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Imaging Predictors of Neurologic Outcome After Pediatric Arterial Ischemic Stroke

Lookup NU author(s): Dr Rob ForsythORCiD



This is the authors' accepted manuscript of an article that has been published in its final definitive form by Lippincott Williams & Wilkins, 2021.

For re-use rights please refer to the publisher's terms and conditions.


BACKGROUND AND PURPOSE: To assess whether initial imaging characteristics independently predict 1-year neurological outcomes in childhood arterial ischemic stroke patients.METHODS: We used prospectively collected demographic and clinical data, imaging data, and 1-year outcomes from the VIPS study (Vascular Effects of Infection in Pediatric Stroke). In 288 patients with first-time stroke, we measured infarct volume and location on the acute magnetic resonance imaging studies and hemorrhagic transformation on brain imaging studies during the acute presentation. Neurological outcome was assessed with the Pediatric Stroke Outcome Measure. We used univariate and multivariable ordinal logistic regression models to test the association between imaging characteristics and outcome.RESULTS: Univariate analysis demonstrated that infarcts involving uncinate fasciculus, angular gyrus, insular cortex, or that extended from cortex to the subcortical nuclei were significantly associated with poorer outcomes with odds ratios ranging from 1.95 to 3.95. All locations except the insular cortex remained significant predictors of poor outcome on multivariable analysis. When infarct volume was added to the model, the locations did not remain significant. Larger infarct volumes and younger age at stroke onset were significantly associated with poorer outcome, but the strength of the relationships was weak. Hemorrhagic transformation did not predict outcome.CONCLUSIONS: In the largest pediatric arterial ischemic stroke cohort collected to date, we showed that larger infarct volume and younger age at stroke were associated with poorer outcomes. We made the novel observation that the strength of these associations was modest and limits the ability to use these characteristics to predict outcome in children. Infarcts affecting specific locations were significantly associated with poorer outcomes in univariate and multivariable analyses but lost significance when adjusted for infarct volume. Our findings suggest that infarcts that disrupt critical networks have a disproportionate impact upon outcome after childhood arterial ischemic stroke.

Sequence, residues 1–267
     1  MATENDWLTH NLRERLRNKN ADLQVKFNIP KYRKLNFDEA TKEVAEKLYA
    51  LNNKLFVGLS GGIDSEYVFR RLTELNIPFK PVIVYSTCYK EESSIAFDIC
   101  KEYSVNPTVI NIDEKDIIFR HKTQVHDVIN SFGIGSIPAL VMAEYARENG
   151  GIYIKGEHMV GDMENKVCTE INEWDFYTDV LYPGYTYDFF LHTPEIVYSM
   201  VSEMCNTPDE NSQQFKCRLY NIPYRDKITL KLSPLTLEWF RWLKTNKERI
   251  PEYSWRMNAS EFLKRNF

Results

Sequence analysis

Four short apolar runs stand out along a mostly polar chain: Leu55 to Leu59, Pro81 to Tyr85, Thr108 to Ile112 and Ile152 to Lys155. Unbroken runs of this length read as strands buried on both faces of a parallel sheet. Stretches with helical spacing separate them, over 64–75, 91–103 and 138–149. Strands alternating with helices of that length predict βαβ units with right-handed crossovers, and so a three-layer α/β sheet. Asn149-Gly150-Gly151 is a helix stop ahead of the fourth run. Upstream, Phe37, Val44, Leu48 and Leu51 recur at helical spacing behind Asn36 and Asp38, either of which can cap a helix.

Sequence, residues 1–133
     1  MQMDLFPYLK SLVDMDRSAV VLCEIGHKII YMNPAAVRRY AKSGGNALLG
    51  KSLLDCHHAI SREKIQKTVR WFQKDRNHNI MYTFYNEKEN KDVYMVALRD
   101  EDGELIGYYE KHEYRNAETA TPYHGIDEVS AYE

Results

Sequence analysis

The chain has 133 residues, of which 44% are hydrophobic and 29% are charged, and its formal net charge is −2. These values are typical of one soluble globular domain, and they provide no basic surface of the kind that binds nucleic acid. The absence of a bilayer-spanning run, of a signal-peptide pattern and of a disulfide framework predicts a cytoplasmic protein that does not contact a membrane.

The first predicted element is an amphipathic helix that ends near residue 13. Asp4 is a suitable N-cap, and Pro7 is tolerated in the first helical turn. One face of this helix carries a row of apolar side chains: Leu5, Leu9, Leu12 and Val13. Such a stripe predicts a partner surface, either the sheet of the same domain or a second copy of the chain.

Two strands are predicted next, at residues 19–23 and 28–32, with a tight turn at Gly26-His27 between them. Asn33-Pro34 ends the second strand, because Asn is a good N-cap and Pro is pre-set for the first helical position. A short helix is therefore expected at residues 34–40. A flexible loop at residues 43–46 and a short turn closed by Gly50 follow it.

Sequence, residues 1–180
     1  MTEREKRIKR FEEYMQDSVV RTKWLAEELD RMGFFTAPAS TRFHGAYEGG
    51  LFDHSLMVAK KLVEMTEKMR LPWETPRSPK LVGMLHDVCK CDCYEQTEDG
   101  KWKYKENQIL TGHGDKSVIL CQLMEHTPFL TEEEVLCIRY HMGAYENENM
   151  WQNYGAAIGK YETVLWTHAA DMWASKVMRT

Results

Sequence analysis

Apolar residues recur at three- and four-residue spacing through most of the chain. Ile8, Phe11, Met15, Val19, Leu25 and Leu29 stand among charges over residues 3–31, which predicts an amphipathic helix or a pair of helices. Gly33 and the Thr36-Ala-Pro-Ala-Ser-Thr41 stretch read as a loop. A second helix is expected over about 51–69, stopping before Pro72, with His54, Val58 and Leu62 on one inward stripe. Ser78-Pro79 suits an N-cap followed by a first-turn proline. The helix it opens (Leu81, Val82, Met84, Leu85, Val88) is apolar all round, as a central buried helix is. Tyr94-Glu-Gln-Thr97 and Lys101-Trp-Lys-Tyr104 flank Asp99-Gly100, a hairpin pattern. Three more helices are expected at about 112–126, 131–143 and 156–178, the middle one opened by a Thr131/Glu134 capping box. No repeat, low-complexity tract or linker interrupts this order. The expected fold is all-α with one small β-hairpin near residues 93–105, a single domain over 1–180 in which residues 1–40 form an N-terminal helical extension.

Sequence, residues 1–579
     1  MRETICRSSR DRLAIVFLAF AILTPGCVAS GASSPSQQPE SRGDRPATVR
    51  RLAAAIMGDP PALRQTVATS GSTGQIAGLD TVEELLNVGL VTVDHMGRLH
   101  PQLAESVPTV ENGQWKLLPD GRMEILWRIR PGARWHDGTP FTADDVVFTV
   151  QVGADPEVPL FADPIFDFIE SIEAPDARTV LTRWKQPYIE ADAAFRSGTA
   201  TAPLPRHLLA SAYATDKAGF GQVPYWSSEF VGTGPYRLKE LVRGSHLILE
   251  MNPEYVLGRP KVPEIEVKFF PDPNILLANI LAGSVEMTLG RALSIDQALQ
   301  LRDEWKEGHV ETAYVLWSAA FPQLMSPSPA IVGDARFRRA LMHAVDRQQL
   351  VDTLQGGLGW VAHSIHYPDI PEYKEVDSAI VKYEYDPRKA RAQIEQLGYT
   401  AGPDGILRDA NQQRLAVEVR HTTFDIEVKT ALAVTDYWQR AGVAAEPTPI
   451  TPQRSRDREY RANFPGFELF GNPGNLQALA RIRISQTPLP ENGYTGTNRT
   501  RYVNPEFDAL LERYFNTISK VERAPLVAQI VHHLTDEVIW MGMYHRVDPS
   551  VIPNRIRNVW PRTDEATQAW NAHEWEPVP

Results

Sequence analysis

Publication metadata

Author(s): Jiang B, Hills NK, Forsyth R, Jordan LC, Slim M, Pavlakis SG, Freidman N, Dlamini N, Farooq O, Li Y, Zhu G, Fullerton H, Wintermark M, Lo WD

Publication type: Article

Publication status: Published

Journal: Stroke

Year: 2021

Volume: 52

Pages: 152-161

Print publication date: 01/01/2021

Online publication date: 01/12/2020

Acceptance date: 25/09/2020

Date deposited: 19/11/2020

ISSN (print): 0039-2499

ISSN (electronic): 1524-4628

Publisher: Lippincott Williams & Wilkins


DOI: 10.1161/STROKEAHA.120.030965


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